Lingering issues for Al-Marri
on Apr 30, 2009 at 10:06 pm
Update 9 a.m.: Al-Marri’s plea agreement can be downloaded here.
Nearly two months after the Supreme Court took off of its docket a major case on presidential detention power, the individual involved — Ali Saleh Kahlah Al-Marri, a Qatari and Saudi national — has pleaded guilty to criminal charges in a regular federal court.Â But the plea bargain disclosed on Thursday leaves unsettled a number of issues, and those raise the prospect that the case at some point may return to theÂ Court.
In particular, Al-Marri’s lawyers indicated in the plea agreement that they will attempt to get credit for him against his prison term — up toÂ 15 years — for the more than seven years he has been in federal civilian or military custody.Â They apparently also will press for even less prison time, with the argument that he was abused and kept in inhumane conditions for much of the time he was being held in a Navy brig in South Carolina as an “enemy combatant.”
The Supreme Court had agreed last December to hear Al-Marri’s challenge to his detention (Al-Marri v. Spagone, 08-368), and was scheduled to hold oral argument on it this week.Â However, the Obama Administration decided to move Al-Marri out of military custody, and obained criminal charges against him.Â At the Administration’s request, the Court on March 6 ended the case (see this post, including a link to the Court’s order), and allowed Al-Marri’s transfer to civilian custody for trial on two criminal charges.Â The Court formallyÂ closed tje detentionÂ case on April 9, sending the documents back to the Fourth Circuit Court; the Circuit Court’s decision against Al-Marri had been vacated by the Justices.
On Thursday, in U.S. District Court in Peoria, Ill. — the city where Al-Marri had been living and where he was first taken into federal custody in late 2001 — the former detainee pleaded guilty to one of the two counts against him:Â conspiracy to provide “material support” to the Al-Qaeda terrorist network.Â (A Justice Department news release on the plea isÂ here, and a statement by Attorney General Eric H. Holder, Jr., is here.)
U.S. District Judge Michael M. Mihm has set sentencing for July 30.Â The Justice Department said Al-Marri “faces up to 15 years imprisonment, a $250,000 fine, a life term of supervised release, and a $100 mandatory special assessment.”Â The Justice Department signaled in the plea agreement that it “reserves the right to oppose” any claim that Al-Marri should get less than a 15-year prison term.Â And that is where future controversy may center.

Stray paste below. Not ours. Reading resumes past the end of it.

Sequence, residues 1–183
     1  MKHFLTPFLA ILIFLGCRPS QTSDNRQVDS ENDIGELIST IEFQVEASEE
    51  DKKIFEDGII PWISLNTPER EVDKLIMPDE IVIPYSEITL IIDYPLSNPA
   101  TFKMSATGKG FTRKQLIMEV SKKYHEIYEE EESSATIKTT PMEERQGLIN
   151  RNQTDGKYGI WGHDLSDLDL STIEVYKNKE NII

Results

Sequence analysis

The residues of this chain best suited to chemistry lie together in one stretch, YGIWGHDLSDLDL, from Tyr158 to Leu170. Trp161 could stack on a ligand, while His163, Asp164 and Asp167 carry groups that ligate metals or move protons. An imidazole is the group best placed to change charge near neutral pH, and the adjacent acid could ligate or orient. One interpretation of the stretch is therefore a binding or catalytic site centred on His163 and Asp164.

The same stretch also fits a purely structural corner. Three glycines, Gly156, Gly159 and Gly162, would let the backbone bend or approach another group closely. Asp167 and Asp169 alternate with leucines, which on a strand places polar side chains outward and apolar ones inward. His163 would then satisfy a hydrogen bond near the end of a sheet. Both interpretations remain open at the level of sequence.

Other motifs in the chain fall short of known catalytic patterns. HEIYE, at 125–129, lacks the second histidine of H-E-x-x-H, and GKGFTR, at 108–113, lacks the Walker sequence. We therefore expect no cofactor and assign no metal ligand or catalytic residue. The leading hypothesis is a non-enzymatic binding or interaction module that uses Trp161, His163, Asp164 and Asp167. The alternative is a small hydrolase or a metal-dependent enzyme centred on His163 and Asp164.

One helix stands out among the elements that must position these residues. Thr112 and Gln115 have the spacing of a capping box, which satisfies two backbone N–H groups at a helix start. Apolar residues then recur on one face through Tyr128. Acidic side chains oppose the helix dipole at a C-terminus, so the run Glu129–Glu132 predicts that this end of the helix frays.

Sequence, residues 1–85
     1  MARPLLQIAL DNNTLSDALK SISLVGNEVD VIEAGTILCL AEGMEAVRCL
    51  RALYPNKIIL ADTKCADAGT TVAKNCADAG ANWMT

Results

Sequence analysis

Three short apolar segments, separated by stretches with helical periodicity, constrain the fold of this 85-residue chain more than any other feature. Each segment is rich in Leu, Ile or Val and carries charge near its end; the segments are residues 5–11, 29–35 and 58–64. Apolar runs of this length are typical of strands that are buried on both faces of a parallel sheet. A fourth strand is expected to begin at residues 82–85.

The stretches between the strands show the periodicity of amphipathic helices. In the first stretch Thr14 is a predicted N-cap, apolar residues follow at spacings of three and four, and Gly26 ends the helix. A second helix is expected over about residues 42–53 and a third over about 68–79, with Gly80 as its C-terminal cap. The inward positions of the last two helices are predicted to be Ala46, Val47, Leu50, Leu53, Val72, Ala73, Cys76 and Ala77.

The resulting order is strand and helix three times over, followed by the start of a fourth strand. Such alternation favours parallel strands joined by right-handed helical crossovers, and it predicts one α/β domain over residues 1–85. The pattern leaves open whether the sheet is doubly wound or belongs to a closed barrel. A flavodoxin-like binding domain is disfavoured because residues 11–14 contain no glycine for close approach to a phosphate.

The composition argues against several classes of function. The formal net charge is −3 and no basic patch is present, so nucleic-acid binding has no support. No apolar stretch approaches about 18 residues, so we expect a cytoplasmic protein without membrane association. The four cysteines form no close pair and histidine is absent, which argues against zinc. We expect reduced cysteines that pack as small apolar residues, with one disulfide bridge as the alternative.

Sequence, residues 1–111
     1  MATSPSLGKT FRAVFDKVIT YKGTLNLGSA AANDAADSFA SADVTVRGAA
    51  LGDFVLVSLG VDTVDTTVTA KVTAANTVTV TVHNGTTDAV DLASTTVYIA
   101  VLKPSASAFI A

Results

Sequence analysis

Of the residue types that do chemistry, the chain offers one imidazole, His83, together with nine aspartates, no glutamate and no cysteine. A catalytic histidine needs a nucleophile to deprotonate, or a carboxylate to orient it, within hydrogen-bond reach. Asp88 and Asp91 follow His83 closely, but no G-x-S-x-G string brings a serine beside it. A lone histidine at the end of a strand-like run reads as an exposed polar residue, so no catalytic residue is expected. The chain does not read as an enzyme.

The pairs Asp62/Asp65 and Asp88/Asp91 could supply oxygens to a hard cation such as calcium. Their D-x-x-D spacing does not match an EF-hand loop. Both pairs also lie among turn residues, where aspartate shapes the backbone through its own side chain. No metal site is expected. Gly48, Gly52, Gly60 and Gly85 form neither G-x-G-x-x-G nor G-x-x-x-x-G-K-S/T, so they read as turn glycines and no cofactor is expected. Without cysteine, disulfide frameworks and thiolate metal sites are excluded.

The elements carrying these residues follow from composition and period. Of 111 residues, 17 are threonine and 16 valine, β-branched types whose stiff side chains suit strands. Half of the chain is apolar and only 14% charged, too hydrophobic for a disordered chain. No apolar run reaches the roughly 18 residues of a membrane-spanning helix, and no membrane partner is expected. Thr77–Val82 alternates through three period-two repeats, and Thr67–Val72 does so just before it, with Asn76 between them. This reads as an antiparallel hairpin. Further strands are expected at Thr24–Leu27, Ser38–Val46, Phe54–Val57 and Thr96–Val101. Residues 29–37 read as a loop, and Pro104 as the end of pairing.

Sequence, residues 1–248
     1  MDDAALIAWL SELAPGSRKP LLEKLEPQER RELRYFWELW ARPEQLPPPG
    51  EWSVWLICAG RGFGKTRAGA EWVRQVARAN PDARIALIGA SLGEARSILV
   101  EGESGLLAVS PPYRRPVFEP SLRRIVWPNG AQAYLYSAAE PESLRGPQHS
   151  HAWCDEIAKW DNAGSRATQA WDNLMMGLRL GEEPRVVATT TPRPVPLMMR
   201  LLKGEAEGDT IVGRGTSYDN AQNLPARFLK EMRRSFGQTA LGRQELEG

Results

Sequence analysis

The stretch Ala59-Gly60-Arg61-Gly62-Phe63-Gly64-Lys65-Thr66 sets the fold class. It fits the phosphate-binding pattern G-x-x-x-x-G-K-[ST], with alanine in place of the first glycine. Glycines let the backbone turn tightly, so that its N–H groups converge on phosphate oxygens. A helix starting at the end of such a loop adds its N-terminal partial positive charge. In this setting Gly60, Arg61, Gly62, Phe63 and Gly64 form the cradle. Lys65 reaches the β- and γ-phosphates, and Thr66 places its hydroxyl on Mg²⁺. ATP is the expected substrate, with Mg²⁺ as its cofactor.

While Al-Marri agreed not to challenge his guilty plea and the resulting conviction, and agreed not to pursue any habeas challenge, he explicitly did not give up the right to seek credit for being in custody since his initial arrest on Dec. 12, 2001. He agreed not to seek to withdraw his guilty plea because of the sentence he is given, but that would still leave the sentence open to challenge if not reduced, either for time already in custody or because of the conditions of his confinement.
The two sides did agree on a number of sentencing factors under the federal Sentencing Guidelines, but it is up to Judge Mihm to actually set the sentence.Â The prosecutors and Al-Marri’s lawyers agreed that the judge should consider as a favorable factor for Al-Marri that he moved fairly quickly to decide to plead guilty, thus sparing the prosecution the effort of preparing for trial.Â That agreement, though, is also not binding on the judge.
Among other provisions in the plea deal, Al-Marri agreed not to oppose potential deportation either to Qatar or to Saudi Arabia, but heÂ said he understood that he would not be deported until he has served any prison term imposed on him.
In return for Al-Marri’s guilty plea, and his admission of an extended series of actions of planning to carry out terrorist activities, the government dropped the second charge against him, accusing him of providing material support to terrorism.Â That was the second count in the indictment; the first, to which he admitted guilt, was conspiracy to commit the same crime.
The plea agreement showed Al-Marri agreeing to much wider involvement in terrorist planning, and actual steps to carry out terrorist acts, than had previously been made public by the government.Â President George B. Bush had designated him as an “enemy combatant” based on far less than government investigators ultimately developed in what the Justice Department said was a global probe.